Yoruba Debate "Restructuring" of Nigeria or "Autonomy"
Aare Ona Kakanfo of Yorubaland Gani Adams, in a speech at a book launch in Lagos on April 14 said that the Yoruba people have "graduated from restructuring to self-determination." He continued by saying that Nigeria is dominated by a "main powerful bloc" that, he implied, makes restructuring impossible. Specifically, he is advocating autonomy for Nigeria’s regions, in which “70 to 80 percent” of political power would be exercised by the regions rather than the federal government. The Aare seems to advocating a form of governance similar to that of the Federal Republic of Germany—an example often cited in Nigeria of successful regional devolution. These sentiments were also expressed by other representatives present of the Yoruba elite.
The Aare and other speakers also vented against President Muhammadu Buhari and the Muslim north—especially the pastoral Fulani. (Buhari is a northern Fulani.) The representative of the Ooni of Ife, regarded as one of the two paramount Yoruba traditional rulers, complained that most of the wealth of the south was enjoyed in the north. Reflecting Yoruba cultural concerns, he also called for the reintroduction of history in school curricula, presumably in support of Yoruba identity.
Local and Traditional Leadership
Calls for restructuring Nigeria are widespread across the country. In Yorubaland, agitation for autonomy rather than restructuring could presage a drift toward Yoruba separatist sentiment. The leader of Igbo separatism, Nnamdi Kanu, appears to see that possibility. He welcomed the Aare's speech on social media. Yoruba calls for "autonomy," even if falling short of calls for separatism, do not bode well for the unity of Nigeria, already challenged in the oil patch, in Igboland, and by jihadis in the north.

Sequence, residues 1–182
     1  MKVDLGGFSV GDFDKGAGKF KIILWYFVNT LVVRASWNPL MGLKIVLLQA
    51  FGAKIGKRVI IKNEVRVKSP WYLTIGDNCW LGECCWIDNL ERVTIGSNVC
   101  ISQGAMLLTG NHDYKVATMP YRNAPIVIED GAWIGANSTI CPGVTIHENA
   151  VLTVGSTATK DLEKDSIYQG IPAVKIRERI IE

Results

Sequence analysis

The Aare has long been involved in Yoruba cultural and political movements. He led the militant wing of the Oodua Peoples' Congress, which advocates for an "autonomous" Yoruba state and has been accused of terrorism. (Gani Adams was jailed for a time.) He was raised to the Aare rank by the Alaafin of Oyo, the other paramount Yoruba traditional ruler. The previous holder of the Aare title was Moshood Abiola, presidential victor in the 1993 elections—Nigeria's most credible—but excluded from office by the army; he later died in prison under suspicious circumstances. The Aare appears to be at the center of Yoruba political ferment. The media reports that Afenifere, another Yoruba cultural/political organization, effected the Aare’s reconciliation with former President Olusegun Obasanjo.
The Yoruba are one of the "big three" ethnic groups in Nigeria. (The other two are the Hausa and the Igbo.) Estimates of their size are up to 40 million. They are concentrated in southwest Nigeria, but some Yoruba in Brazil recognize Yoruba traditional rulers in Nigeria. Yoruba identity and culture are strong. Nominally, the Yoruba are divided between Christianity and Islam, but religious tension among adherents of the two is absent. Yoruba families usually include both Christians and Muslims, and adherents of each religion celebrate the other's holidays as well as their own. Some ascribe this tranquility to the fact that, whether Christian or Muslim, Yoruba respect the traditional Yoruba gods. A hierarchy of traditional rulers commands popular respect. At the pinnacle are the Ooni of Ife and the Alaafin of Oyo, often rivals in the past. The Yoruba have a tradition of political fractiousness, which led to British occupation in the mid-nineteenth century. Olusegun Obasanjo, military ruler in the 1970s and civilian president from 1999 to 2007, is a Yoruba. The Yoruba dominate the Lagos-Ibadan corridor, the most developed part of Nigeria.
This publication is part of the Diamonstein-Spielvogel Project on the Future of Democracy.
Local and Traditional Leadership